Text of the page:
Economics of Planning

, Volume 34, Issue 1, pp 89–112

China's Exchange Rate Reform and Exports

Authors

  • Zhichao Zhang
    • St. Antony's CollegeOxford University
Article

DOI: 10.1023/A:1017549828555

Cite this article as:
Zhang, Z. Economics of Planning (2001) 34: 89. doi:10.1023/A:1017549828555

Abstract

The paper argues that exchange rate reform is a vital supply-side factor in China's export growth. It contributes to China's export expansion by affording a realistic exchange rate and allowing freer access to foreign exchange, thereby leading to the reduction of anti-export bias and strong supply response. In an imperfect substitutes model, China's long-run export supply and demand functions are estimated in a system context. Evidence is found that the exchange rate reform is one of the most influential factors in China's long-run export expansion, inducing significant response of exports supply. In the short-run, the exchange rate reform and the export volume are also cross-linked through the error-correction process. China's exchange rate policy adjusts speedily to ensure the long-run equilibrium of the supply-side relationship and is likely to have played a dominant role in the adjustment. The study confirms, thanks to the exchange rate reform, China's exchange rate policy has benefited China's remarkable growth of exports before 1994.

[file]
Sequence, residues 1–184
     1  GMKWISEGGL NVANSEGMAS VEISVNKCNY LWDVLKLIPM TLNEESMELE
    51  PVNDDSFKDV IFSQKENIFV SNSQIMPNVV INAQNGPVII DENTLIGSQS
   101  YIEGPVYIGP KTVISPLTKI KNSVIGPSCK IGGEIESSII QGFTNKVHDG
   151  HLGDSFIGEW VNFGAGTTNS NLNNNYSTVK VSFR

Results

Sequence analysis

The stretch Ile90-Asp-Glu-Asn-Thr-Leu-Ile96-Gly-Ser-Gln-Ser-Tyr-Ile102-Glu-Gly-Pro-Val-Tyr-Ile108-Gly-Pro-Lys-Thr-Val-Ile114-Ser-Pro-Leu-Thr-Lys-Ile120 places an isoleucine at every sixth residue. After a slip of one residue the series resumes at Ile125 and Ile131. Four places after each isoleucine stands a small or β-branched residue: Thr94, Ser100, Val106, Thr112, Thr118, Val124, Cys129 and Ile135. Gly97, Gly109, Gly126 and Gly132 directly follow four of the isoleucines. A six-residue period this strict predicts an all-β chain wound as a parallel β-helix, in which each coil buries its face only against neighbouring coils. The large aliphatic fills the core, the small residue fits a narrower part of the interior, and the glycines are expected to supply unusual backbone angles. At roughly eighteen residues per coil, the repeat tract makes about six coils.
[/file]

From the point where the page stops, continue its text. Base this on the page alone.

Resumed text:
economic reformexchange rate policyexportscointegration analysis

Copyright information

© Kluwer Academic Publishers 2001